I Introduced My Son to Fantasy Football and Created a Monster
At 4:30 AM on Monday morning my 6-year old son opened my bedroom room with the vigor of a superhero about the save the world and energetically declared: “Mommy, I just had a dream that Matthew Stafford threw 3 touchdown screens to Ameer Abdullah and we won the money this week. Do you think that will happen?”
“No,” I grumpily uttered. He didn’t go back to bed. Neither did I. It sucked. I’m still tired.
When my family moved from the suburbs of New York to Oakland this summer I knew it would be especially difficult for my 6-year old. He had made many close friends, including an incredible group of neighborhood kids that would hang out and play sports every single day. It was an idyllic situation.
To help soften the blow of the move and keep a connection to his NY friends, I had an idea: Start a new fantasy football league for him and his friends. The Next Generation Fantasy Football League was born. Some harmless fun, plus I always maintain that fantasy is the best fan to draw newbies into the NFL. At least I used to.
My son already loved the NFL. Though he never complained when I dressed him in a Frank Gore jersey from ages 18 months to 3 years, this authoritarian form of parenting probably sparked his independence as fan. He was born in D.C. and thus decided to glom onto the Washington football team. Kirk Cousins became his new favorite player and soon he wouldn’t miss a game. His NY friends rarely left the house without donning something Odell Beckham-ish so the interest in the football permeated the area, as did some minor NFC East trash-talking as a result Couple that with the football clinic I hosted to teach some of the neighbors (mostly the Brits and French among them) American football and we had a community ripe to try out fantasy.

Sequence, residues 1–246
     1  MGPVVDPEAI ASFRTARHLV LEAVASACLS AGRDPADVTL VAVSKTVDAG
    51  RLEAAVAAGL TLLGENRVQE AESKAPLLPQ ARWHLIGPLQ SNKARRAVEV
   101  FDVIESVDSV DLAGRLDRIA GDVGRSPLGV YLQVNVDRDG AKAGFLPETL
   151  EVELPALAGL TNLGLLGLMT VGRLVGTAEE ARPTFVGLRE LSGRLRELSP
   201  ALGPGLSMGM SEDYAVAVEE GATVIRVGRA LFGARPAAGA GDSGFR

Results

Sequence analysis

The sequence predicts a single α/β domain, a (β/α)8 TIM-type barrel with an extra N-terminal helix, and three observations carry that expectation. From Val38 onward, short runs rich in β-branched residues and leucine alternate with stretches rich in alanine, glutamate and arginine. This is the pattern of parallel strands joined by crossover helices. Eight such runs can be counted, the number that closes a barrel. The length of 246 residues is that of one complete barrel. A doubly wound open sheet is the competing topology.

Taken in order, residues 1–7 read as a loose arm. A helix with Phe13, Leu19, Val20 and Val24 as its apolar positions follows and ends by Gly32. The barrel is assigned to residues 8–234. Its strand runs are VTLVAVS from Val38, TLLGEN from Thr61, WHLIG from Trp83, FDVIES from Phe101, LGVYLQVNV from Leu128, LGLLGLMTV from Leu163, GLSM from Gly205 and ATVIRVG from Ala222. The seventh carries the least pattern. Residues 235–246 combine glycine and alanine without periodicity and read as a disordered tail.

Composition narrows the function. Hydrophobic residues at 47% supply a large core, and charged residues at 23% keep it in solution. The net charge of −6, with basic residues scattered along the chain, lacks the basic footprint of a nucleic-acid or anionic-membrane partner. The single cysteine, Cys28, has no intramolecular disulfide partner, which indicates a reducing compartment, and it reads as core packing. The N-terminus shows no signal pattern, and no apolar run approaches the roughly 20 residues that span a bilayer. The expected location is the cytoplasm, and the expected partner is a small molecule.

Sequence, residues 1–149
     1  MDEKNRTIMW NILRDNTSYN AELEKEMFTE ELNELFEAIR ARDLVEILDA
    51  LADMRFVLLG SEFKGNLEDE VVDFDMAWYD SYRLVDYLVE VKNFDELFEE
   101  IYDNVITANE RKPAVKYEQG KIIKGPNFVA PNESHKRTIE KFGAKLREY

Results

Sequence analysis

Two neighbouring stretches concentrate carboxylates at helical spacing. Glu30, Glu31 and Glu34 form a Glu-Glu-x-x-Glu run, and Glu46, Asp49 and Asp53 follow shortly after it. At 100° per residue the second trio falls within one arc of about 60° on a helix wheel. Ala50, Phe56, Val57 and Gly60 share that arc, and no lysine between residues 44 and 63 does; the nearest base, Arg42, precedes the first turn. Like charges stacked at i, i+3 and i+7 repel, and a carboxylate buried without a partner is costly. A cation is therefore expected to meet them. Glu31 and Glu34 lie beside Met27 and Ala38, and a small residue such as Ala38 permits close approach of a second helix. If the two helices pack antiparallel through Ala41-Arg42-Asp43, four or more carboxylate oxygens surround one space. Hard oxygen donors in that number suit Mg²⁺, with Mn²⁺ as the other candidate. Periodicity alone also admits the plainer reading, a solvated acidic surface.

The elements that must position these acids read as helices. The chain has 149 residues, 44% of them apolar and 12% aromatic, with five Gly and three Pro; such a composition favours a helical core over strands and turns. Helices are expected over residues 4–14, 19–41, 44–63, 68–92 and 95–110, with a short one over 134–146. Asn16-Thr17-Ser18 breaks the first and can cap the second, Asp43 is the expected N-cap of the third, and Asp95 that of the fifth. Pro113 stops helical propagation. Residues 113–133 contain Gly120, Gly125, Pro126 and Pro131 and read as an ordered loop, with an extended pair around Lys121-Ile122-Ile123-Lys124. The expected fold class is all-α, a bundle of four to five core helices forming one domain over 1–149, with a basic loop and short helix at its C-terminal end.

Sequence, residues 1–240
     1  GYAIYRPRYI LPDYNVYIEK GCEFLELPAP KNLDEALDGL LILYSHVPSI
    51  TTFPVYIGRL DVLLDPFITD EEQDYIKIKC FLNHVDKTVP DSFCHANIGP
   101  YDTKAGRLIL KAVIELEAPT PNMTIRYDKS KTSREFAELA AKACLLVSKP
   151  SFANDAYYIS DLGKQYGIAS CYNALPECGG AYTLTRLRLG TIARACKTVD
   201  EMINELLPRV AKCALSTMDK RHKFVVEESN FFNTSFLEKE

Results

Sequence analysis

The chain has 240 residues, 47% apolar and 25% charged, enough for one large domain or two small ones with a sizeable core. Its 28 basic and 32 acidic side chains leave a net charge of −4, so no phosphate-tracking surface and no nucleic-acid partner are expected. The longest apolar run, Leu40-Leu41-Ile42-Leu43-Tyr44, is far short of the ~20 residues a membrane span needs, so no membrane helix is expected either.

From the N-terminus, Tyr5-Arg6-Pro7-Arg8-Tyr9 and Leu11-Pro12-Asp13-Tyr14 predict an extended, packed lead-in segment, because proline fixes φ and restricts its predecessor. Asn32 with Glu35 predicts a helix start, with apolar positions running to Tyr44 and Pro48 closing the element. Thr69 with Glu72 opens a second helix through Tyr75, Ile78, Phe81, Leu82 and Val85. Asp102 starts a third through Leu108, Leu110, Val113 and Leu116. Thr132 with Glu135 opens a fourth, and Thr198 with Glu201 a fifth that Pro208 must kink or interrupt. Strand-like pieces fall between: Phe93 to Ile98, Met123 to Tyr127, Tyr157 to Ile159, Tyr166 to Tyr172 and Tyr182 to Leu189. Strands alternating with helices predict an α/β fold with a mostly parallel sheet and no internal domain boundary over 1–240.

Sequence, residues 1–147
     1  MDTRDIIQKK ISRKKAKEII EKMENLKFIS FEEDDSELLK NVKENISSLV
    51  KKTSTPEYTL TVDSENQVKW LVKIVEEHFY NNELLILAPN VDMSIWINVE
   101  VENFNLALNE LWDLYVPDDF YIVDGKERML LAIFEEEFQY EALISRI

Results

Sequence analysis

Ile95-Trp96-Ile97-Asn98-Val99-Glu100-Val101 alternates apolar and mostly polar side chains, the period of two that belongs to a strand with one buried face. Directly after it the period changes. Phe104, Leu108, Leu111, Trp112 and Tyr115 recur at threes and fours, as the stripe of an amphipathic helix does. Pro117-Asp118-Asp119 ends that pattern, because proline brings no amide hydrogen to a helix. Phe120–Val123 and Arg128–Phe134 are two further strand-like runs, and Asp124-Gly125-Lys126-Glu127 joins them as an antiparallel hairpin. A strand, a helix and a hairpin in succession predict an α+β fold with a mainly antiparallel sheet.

Ah, it all felt so innocent then.
The draft was adorable enough. We studied rankings together and talked strategy and I even let him draft Willie Snead because, as those who have read The Lorax know, a Snead is a thing that everyone needs (until the Snead gets suspended). My son was on cloud nine that night giving play-by-play of everyone’s picks and cutely asking if he could draft Jordy Nelson even though he was selected four rounds earlier. At some juncture around the 7th round, I asked the other parents whether or not their kids were still drafting. None of them were. It was all parents and my son. He would have lasted 75 rounds.
My son’s obsession with fantasy (and obsession is putting it mildly) has only grown exponentially since. It’s all he wants to discuss.
Me: “What did you learn in school today.”
Him: “Do you think we should play Will Lutz or Greg the Leg this week?”
Me: “What should we make for dinner?”
Him: “Can we get Mitch Trubisky on waivers?”
Sundays are an entirely different beast. “Mommy, what’s our score?” 2 seconds later. “Mommy, what’s our score?” 2 seconds later. “Mommy, what’s our score.” It’s fantasy football’s version of, ‘are we there yet?’ and it’s the worst.
MORE TFG: PAT FITZMAURICE’S WEEK 10 RANKINGS